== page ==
instructed him that he was only to manipulate census blocks and not
precincts. This wholesale reliance on the census block method — the
lone cause of the precinct splits — is what Defendants now employ
to justify the deviations in their map. The logical inconsistency is so
deep that it causes us to pause and consider the sincerity of such
Defendants truly wanted to avoid splitting precincts, they
would have done so by enacting a zero deviation map that did not split
Moreover, it is worth noting that of the maps presented at trial, Act 1
is that which least comports with the neutral legislative policies that
the Karcher Court stated would justify a Congressional redistricting plan
with some deviations. Act 1 is the plan which contains the least compact
districts. (Pls. Ex. 12 at 7.) Act 1 splits the most counties
(twenty-five) and municipalities (fifty-nine cities, townships, or
boroughs).*fn5 (Id.) With the exception of Act 1's twin, the
zero-deviation version, Act 1 even splits the most precincts. (Id.) To
the extent that Act 1 retains the cores of prior districts, it does so
only for districts containing Republican incumbents. (See id. at 8.)
However, it is on Karcher's final endorsed neutral criteria — the
avoidance of contests between incumbents — that Act 1 fails most
miserably. Although Pennsylvania's loss of two congressional seats
requires the pairing of only two sets of incumbents in the 2002
elections, Act 1 pits six incumbents against each other: two pairs of
Democrats, and one Republican against one Democrat (the latter in a
district that heavily favors Republican candidates). At the same time
Act 1 pits more incumbents than necessary against one another, it also
creates a new district, District 6, in which no incumbent resides. In
the face of such evidence, it is clear that Karcher's neutral criteria
were not high on the priority list in enacting Act 1.
The dissent suggests that our analysis should pay deference to the
policies that Act 1 reflects. However, there is no legal authority to
support the corollary assertion that the only relevant zero-deviation
maps with no precinct splits are those which comport with the general
contours of Act 1.
In summation, it has been conclusively proven that it is possible to
draw a congressional district map with zero population deviation amongst
districts without splitting any precincts. Therefore, Defendants cannot
rely on a general desire to avoid splitting precincts as a legitimate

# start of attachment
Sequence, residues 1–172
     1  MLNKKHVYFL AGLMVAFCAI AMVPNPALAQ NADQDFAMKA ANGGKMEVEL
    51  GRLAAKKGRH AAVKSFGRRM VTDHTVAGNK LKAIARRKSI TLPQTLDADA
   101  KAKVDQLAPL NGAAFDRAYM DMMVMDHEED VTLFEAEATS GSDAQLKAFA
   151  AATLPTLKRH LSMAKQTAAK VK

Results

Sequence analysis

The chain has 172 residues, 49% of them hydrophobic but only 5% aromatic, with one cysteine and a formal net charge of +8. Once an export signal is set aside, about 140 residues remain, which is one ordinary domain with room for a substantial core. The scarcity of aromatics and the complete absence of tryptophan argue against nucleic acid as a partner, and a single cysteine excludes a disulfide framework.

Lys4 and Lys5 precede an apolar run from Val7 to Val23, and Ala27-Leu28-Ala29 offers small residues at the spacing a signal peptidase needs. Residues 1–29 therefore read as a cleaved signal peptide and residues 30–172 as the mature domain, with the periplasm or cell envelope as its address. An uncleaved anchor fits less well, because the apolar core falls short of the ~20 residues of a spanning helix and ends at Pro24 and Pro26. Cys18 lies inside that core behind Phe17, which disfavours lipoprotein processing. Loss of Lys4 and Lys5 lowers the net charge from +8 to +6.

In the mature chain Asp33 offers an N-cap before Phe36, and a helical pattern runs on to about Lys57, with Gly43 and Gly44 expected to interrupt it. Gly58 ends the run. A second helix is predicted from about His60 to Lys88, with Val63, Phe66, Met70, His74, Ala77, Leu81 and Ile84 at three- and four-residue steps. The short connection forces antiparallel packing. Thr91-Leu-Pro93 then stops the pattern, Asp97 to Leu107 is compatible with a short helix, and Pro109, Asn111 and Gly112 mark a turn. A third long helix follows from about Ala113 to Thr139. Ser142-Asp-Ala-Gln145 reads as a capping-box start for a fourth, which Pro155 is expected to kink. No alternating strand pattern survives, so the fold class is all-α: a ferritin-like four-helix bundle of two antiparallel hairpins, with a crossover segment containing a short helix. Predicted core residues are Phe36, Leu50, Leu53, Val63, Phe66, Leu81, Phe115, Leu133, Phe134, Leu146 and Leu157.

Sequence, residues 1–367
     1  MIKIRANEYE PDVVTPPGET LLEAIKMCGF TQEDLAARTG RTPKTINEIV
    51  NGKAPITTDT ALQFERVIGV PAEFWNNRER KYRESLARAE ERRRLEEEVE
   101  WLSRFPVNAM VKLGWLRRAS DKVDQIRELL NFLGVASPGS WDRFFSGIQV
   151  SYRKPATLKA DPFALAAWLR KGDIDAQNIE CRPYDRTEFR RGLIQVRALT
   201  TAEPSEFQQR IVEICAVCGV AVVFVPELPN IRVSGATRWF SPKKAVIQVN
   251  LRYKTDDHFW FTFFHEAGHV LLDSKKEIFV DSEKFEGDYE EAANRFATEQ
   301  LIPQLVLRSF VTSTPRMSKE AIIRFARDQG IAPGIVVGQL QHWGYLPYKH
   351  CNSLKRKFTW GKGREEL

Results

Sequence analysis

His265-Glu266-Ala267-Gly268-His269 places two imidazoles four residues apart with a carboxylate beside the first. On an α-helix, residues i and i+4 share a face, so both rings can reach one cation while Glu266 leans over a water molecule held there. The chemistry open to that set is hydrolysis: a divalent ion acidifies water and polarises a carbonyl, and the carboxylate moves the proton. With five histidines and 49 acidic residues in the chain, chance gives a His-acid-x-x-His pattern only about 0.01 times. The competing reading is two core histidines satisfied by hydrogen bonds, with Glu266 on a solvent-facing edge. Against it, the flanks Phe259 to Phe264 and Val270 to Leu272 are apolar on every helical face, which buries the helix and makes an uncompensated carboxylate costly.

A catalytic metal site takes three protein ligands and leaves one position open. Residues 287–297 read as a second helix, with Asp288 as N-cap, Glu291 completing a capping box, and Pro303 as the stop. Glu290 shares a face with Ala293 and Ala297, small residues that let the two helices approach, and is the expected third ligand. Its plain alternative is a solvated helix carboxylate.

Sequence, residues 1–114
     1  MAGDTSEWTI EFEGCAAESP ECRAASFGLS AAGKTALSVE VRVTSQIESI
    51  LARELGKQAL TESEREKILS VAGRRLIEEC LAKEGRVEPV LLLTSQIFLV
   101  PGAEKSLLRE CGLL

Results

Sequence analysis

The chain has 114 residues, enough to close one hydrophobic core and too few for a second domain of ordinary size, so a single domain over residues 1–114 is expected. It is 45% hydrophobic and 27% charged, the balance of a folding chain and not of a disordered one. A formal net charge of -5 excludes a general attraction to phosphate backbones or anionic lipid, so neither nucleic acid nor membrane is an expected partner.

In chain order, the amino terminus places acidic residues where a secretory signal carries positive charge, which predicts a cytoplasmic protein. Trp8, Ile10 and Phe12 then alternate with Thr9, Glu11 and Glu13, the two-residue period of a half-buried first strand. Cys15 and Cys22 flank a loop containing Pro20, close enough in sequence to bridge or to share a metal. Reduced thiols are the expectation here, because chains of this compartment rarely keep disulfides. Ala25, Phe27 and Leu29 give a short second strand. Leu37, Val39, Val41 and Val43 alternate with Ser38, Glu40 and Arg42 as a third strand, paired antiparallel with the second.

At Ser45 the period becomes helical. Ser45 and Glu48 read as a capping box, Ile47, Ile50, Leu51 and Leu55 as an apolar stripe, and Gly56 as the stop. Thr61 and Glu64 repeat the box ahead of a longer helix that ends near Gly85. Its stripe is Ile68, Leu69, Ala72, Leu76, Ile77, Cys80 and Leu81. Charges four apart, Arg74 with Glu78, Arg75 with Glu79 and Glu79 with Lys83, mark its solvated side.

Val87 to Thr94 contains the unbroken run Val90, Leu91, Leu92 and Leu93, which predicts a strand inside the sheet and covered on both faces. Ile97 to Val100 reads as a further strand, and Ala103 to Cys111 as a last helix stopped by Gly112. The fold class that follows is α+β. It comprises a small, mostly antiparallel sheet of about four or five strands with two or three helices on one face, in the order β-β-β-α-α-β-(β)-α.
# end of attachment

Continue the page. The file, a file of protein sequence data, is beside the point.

justification for a map that splits six such precincts. Put another
way, if it is possible to achieve a zero deviation map with no precinct
splits by manipulating whole precincts, the actions of the Defendants in
switching to census block data call into question the legitimacy of their
proffered justifications. We find, therefore, that the Defendants have
failed to provide any legitimate justification for the population
deviations contained in Act 1. As such, we enjoin the implementation of
Having determined that Act 1 is unconstitutional, we now address the
question of the appropriate remedy. The Supreme Court has cautioned that
"reapportionment is primarily a matter for legislative consideration and
determination, and that judicial relief becomes appropriate only when a
legislature fails to reapportion according to federal constitutional
requisites in a timely fashion after having had an adequate opportunity
to do so." White v. Weiser, 412 U.S. 783 (1973). We recognize that the
Pennsylvania General Assembly has primary jurisdiction over congressional
redistricting. Furthermore, no evidence was presented that would permit
us to conclude that the General Assembly would be unable to enact a new
constitutional redistricting plan in time for the 2002 elections.
not a case where the respective legislative bodies are hopelessly
deadlocked and the likelihood is that they will be able to enact a
constitutionally sound plan.
Therefore, the Defendants are ordered to submit a constitutionally
sound redistricting plan that has been enacted into law by the
Commonwealth of Pennsylvania to this court within three weeks of the date
of this opinion.
An appropriate order will follow.
O R D E R
In accordance with the preceding opinion, IT IS HEREBY ORDERED THAT:
(1) Plaintiffs' request for declaratory judgment is GRANTED. Act 1 is
hereby declared unconstitutional as a violation of Article I, § of
the United States Constitution;
(2) Plaintiffs' request for injunctive relief is GRANTED IN PART as
(A) To the extent that Plaintiffs request that the
court enjoin Act 1's implementation, Plaintiffs'
request is GRANTED. Defendants are permanently
enjoined from implementing Act 1;
(B) To the extent that Plaintiffs request that the
court devise its own redistricting plan for use in
the 2002 congressional elections, Plaintiffs'
request is deferred pending compliance by the
Pennsylvania General Assembly with this order; and
(3) The Pennsylvania General Assembly shall, within three weeks of the
date of this order, prepare, enact and submit for review and final
approval by this Court, a congressional redistricting plan in conformity
with this opinion.
This Court shall retain jurisdiction pending issuance of a final order in
IT IS SO ORDERED.
I agree with majority that the plaintiffs have met the first prong of
the Karcher test and that the appropriate remedy, if Act 1 is
unconstitutional, is to give the Commonwealth of Pennsylvania a
reasonable period of time to enact a constitutionally sound redistricting
I respectfully dissent, however, from Section II.B. of the majority
opinion and conclude that defendants have met their burden, although just
barely, to establish a justification for the nineteen person maximum
deviation, and that Act 1 therefore passes constitutional muster.
In Karcher v. Daggett, 462 U.S. 725 (1983), the Court stated that the
plaintiffs' "success in proving that the Feldman Plan was not the product
of a good faith effort to achieve population equality means only that the